weights and measures

The United States is the only industrialized country that has not yet completely converted to the Metric System. The British system (no longer in legal use in the UK, its colonies or the Commonwealth) is particularly confusing. It is impossible to summarize, but Wikipedia explains the history of UK measurement in detail.

Prior to 1826 the English system was very complex:

English units evolved as a combination of the Anglo-Saxon and Roman systems of units. Contrary to popular belief, the Norman conquest of England in 1066 had little effect on British weights and measures other than to introduce one new unit: the bushel. The two main sets of English units were the Winchester Units, in effect from 1495–1587, as reaffirmed by King Henry VII, and the Exchequer Standards, in effect from 1588–1825, as first defined by Queen Elizabeth I.

Beginning in 1826 the system was simplified, but only a bit, and was known as the imperial system:

There is a more general article in Wikipedia on “History of Measurement“.

Here are some passages that I found interesting:

The earliest recorded systems of weights and measures originate in the 3rd or 4th millennium BC. Even the very earliest civilizations needed measurement for purposes of agriculture, construction, and trade. Early standard units might only have applied to a single community or small region, with every area developing its own standards for lengths, areas, volumes and masses. […]

Early Babylonian and Egyptian records and the Hebrew Bible indicate that length was first measured with the forearm, hand, or finger and that time was measured by the periods of the sun, moon, and other heavenly bodies. […]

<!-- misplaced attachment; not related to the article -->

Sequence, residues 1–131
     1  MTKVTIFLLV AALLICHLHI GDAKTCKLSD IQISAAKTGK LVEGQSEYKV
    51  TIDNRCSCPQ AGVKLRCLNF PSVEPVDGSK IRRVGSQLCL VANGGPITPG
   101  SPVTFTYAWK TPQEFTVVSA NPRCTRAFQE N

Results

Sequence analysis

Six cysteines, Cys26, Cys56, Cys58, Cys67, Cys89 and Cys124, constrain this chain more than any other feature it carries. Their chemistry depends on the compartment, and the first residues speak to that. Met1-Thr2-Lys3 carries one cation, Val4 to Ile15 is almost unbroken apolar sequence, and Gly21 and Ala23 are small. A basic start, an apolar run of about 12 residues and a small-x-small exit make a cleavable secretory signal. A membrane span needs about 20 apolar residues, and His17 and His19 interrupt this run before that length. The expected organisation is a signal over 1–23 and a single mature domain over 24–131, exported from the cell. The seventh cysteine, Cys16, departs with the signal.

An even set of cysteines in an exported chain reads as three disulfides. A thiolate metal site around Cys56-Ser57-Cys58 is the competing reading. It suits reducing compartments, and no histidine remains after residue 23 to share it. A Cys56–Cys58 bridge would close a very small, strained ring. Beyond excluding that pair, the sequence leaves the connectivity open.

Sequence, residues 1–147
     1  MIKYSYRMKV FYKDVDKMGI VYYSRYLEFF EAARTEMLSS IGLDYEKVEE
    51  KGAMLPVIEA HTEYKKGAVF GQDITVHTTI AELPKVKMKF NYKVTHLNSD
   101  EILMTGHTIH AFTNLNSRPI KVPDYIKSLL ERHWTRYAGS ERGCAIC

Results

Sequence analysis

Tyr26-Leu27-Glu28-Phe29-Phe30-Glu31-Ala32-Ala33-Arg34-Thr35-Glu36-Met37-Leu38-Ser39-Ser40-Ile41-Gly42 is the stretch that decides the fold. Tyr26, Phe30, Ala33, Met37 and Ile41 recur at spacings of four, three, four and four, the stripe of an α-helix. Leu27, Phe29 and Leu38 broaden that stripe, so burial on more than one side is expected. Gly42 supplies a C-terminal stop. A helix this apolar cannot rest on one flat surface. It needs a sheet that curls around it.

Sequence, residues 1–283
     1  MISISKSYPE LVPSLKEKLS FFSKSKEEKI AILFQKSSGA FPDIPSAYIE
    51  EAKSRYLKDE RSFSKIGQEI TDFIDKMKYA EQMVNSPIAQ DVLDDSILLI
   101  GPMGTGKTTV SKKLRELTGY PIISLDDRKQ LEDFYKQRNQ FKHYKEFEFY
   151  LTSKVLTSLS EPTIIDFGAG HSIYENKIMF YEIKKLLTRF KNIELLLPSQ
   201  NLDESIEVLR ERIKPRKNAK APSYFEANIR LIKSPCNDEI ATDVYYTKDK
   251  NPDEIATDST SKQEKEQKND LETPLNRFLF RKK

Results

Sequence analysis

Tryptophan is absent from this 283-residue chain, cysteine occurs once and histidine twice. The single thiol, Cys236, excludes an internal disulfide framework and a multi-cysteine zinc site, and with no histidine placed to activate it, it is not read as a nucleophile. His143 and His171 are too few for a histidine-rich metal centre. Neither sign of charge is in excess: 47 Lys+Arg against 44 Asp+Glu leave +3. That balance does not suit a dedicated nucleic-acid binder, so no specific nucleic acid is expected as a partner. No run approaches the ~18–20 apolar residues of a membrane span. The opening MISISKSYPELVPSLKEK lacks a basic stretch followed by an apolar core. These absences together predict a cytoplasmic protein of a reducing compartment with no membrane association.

… [T]he Greeks and Romans inherited the foot from the Egyptians. The Roman foot (~296 mm) was divided into both 12 unciae (inches) (~24.7 mm) and 16 digits (~18.5 mm). The Romans also introduced the mille passus (1000 paces) or double steps …. The Roman mile of 5000 feet (1480 m) was introduced into England during the occupation. Queen Elizabeth I (reigned from 1558 to 1603) changed, by statute, the mile to 5280 feet (~1609 m) ….

The introduction of the yard (0.9144 m) as a unit of length came later, but its origin is not definitely known. […]
Goods of commerce were originally traded by number or volume. When weighing of goods began, units of mass based on a volume of grain or water were developed. ….

The stone, quarter, hundredweight, and ton were larger units of mass used in Britain. Today only the stone continues in customary use for measuring personal body weight. The present stone is 14 pounds (~6.35 kg), but an earlier unit appears to have been 16 pounds (~7.25 kg). The other units were multiples of 2, 8, and 160 times the stone, or 28, 112, and 2240 pounds …. The ton of 2240 pounds is called the “long ton”. The “short ton” is equal to 2000 pounds (~907 kg). A tonne (t) is equal to 1000 kg.

[…] … Simon Stevin … in 1585 first advocated the use of decimal numbers for everyday purposes in his booklet De Thiende (old Dutch for ‘the tenth’). […]

In 1790, Thomas Jefferson submitted a report to the United States Congress in which he proposed the adoption of a decimal system of coinage and of weights and measures. […]

The metric system was first described in 1668 and officially adopted by France in 1799. Over nineteenth and twentieth centuries, it became the dominant system worldwide, although several countries, including the United States and China, continue to use their customary units. Among the numerous customary systems, many have been adapted to become an integer multiple of a related metric unit: The Scandinavian mile is now defined as 10 km, the Chinese jin is now defined as 0.5 kg, and the Dutch ons is now defined as 100 g. The American [US] system is unusual in that its units have not been adapted in such a manner.


Now for a question that bothers me: why does measurement of eggs vary from country to country? In Latin America they are sold by weight (kilograms). In Europe (at least in the countries that I know), they are sold in packs of ten. In North America (the US and Canada), they are sold by the dozen or half-dozen. In the Wikipedia articles on measurement, measurement of eggs is not mentioned. I will search for information on the use of dozen as a measure (for eggs and some bakery goods as well), and report any findings. We have 10 fingers (or toes), so from where did the unit of twelve come?

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